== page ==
Health and Medical News and Resources

General interest items edited by Janice Flahiff

Explore how changing nursing home culture affects care

From the 28 January 2014 article at Covering Health

 

Any journalist who covers nursing homes should check out this month’s special supplement in The Gerontologist, the Gerontological Society of America’s journal. It focuses on the two-decade long effort to change nursing home culture and many of the articles and studies raise important questions about whether enough progress has been shown.

English: Nursing Home in Goldthorn Hill. This ...

English: Nursing Home in Goldthorn Hill. This area of Wolverhampton has a cluster of nursing homes. (Photo credit: Wikipedia)

For example, this study finds that nursing homes that are considered culture change adopters show a nearly 15 percent decrease in health-related survey deficiency citations relative to comparable nonadopting homes. This study looks at what is meant by nursing home culture change – the nature and scope of interventions, measurement, adherence and outcomes.  Harvard health policy expert David Grabowski and colleagues take a closer look at some of the key innovators in nursing home care and what it might mean for health policy – particularly in light of the Affordable Care Act’s directive to provide more home and community-based care. Other articles look at the THRIVE study, mouth care, workplace practices, Medicaid reimbursement, and more policy implications.

Any of these studies — or several taken together — can serve as a jumping off point for local coverage. Are there nursing homes in your community that are doing things differently? Have any instituted policies or processes that show improvements in care coordination, outcomes, quality, or other key measures? Are there homes that are resisting change? Why? Which one(s) best exemplify person-centered care? How do these changes affect the workforce?

Nursing Home Compare from CMS provides the data behind complaints, violations, quality, and cost, among other metrics. This article in The Philadelphia Inquirer is a great example of interweaving research with personal narrative. Another approach might be to look at trends in the city, state, or region. How are nursing homes marketing themselves to consumers? To referral sources? Have their business models changed?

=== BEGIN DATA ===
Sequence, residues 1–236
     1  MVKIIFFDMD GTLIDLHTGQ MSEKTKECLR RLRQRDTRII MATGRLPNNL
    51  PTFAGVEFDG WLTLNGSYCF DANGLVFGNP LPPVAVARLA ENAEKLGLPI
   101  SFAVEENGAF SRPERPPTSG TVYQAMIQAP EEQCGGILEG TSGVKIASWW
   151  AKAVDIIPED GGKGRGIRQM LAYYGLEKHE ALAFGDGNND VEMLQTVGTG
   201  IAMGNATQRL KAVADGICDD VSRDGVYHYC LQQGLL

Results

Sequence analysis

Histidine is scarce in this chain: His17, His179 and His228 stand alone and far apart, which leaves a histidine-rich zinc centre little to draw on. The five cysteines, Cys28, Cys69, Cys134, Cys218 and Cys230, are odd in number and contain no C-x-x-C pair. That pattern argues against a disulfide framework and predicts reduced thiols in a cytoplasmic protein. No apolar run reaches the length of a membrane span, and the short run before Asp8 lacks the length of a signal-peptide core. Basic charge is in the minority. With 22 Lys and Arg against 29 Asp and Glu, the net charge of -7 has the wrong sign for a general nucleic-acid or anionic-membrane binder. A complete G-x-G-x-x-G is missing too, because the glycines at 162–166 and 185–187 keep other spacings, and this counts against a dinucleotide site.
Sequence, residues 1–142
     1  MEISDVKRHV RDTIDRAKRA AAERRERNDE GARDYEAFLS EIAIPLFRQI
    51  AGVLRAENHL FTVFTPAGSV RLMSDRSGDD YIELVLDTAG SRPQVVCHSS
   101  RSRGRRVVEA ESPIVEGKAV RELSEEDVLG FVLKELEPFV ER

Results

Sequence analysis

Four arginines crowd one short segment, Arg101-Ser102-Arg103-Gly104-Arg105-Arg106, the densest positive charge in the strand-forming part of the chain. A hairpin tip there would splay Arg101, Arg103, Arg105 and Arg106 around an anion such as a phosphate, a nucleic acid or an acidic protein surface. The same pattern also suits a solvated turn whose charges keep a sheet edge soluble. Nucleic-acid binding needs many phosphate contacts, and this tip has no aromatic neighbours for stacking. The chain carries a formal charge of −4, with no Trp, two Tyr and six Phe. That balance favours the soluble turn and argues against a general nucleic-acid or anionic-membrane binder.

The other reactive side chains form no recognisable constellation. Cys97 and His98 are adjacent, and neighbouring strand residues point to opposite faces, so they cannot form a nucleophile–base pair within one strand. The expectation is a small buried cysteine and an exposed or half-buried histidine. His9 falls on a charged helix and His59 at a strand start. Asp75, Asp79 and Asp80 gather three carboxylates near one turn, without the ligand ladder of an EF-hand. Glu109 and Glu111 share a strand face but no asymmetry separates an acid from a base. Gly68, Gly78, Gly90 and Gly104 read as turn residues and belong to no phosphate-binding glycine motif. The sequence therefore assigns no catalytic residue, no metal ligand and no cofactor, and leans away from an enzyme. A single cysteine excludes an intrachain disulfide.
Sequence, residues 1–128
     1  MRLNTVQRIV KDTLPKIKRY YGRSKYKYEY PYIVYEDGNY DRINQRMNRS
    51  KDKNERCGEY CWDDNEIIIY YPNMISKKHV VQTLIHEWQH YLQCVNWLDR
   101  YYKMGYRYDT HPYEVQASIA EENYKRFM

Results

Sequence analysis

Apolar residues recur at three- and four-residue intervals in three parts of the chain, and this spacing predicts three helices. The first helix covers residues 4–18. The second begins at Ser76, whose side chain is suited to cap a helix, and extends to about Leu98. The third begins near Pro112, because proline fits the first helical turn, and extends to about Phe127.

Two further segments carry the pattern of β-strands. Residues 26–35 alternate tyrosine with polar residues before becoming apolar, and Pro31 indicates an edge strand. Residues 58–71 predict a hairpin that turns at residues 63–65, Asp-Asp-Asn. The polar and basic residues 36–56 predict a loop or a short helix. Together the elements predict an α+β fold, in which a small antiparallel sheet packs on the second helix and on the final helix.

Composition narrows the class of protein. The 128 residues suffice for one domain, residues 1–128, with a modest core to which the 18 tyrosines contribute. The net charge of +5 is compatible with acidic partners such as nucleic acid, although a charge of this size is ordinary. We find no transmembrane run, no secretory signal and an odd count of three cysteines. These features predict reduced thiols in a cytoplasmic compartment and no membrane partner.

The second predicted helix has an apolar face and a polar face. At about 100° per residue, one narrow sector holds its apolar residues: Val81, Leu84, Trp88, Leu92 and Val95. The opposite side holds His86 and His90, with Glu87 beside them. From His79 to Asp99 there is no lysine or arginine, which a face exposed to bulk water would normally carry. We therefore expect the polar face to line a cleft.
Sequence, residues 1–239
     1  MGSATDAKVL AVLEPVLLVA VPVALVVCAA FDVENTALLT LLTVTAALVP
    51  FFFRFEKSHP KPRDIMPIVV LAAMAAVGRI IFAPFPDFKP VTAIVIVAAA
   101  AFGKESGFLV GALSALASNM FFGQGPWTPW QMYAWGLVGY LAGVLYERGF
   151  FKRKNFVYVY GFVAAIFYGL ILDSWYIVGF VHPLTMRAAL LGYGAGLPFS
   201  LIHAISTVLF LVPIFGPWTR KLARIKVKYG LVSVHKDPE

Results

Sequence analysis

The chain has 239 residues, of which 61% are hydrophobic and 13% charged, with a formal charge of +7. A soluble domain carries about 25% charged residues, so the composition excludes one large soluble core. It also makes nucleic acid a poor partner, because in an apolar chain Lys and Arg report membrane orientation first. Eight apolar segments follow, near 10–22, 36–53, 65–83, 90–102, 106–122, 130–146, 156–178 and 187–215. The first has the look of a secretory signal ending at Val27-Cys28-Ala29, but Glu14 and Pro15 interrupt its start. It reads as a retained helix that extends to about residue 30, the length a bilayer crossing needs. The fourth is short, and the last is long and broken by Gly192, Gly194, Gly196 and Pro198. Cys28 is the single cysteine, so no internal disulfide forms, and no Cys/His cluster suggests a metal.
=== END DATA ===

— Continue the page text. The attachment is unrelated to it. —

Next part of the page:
Experts on all sides have been talking about culture change for more than a decade. And in 2008, a Commonwealth Fund report explored culture change in nursing homes. Has the time finally come, for real?

 

Read the entire article here

 

Unfortunately, the articles referred to are subscription based only.
For information on how to get them for free or low cost, click here.

 

Articles referred to above

 

  • Transforming Nursing Home Culture: Evidence for Practice and Policy

     

  • What Does the Evidence Really Say About Culture Change in Nursing Homes?
  • A “Recipe” for Culture Change? Findings From the THRIVE Survey of Culture Change Adopters
  • High-Performance Workplace Practices in Nursing Homes: An Economic Perspective
  • Medicaid Capital Reimbursement Policy and Environmental Artifacts of Nursing Home Culture Change
  • Building a State Coalition for Nursing Home Excellence
  • Implications for Policy: The Nursing Home as Least Restrictive Setting

     

 

 

 

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March 14, 2014 Posted by | health care | , , , , | Leave a comment

The French Unhappiness Puzzle: The Cultural Dimension of Happiness from Full Text Reports…

 

English: (Green) MogoliË. (Light-green) The Eu...

Image via Wikipedia

The French Unhappiness Puzzle: The Cultural Dimension of Happiness  from Full Text Reports….

From the Full Text Reports Summary

December 23, 2011

Source:  Research Papers in Economics

This article sheds light on the important differences in self-declared happiness across countries of equivalent affluence. It hinges on the different happiness statements of natives and immigrants in a set of European countries to disentangle the influence of objective circumstances versus psychological and cultural factors. The latter turns out to be of non-negligible importance in explaining international heterogeneity in happiness. In some countries, such as France, they are responsible for 80% of the country’s unobserved idiosyncratic source of (un-)happiness.

December 27, 2011 Posted by | Psychology, Uncategorized | , , , | Leave a comment

Actions And Personality, East And West

From the April 12 2011 Medical News Today article

People in different cultures make different assumptions about the people around them, according to an upcoming study published inPsychological Science, a journal of the Association for Psychological Science. The researchers studied the brain waves of people with Caucasian and Asian backgrounds and found that cultural differences in how we think about other people are embedded deep in our minds. Cultural differences are evident very deep in the brain, challenging a commonsense notion that culture is skin deep.

April 12, 2011 Posted by | Medical and Health Research News | , , | Leave a comment

   

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